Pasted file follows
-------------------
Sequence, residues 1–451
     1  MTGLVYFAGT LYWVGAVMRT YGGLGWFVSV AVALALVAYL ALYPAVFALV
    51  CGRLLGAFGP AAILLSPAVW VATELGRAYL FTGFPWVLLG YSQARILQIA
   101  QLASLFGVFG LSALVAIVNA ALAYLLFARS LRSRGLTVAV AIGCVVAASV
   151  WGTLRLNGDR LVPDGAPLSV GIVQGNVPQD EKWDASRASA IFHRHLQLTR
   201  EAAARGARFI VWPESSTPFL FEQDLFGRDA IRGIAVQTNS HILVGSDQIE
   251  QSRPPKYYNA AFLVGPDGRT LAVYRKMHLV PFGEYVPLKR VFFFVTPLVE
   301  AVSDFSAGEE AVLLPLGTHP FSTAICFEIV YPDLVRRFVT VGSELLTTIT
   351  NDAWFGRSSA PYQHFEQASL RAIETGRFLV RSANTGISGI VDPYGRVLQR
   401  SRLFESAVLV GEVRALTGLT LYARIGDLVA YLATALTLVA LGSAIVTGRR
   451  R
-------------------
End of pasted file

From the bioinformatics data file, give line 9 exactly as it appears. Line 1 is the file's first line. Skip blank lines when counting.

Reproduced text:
   351  NDAWFGRSSA PYQHFEQASL RAIETGRFLV RSANTGISGI VDPYGRVLQR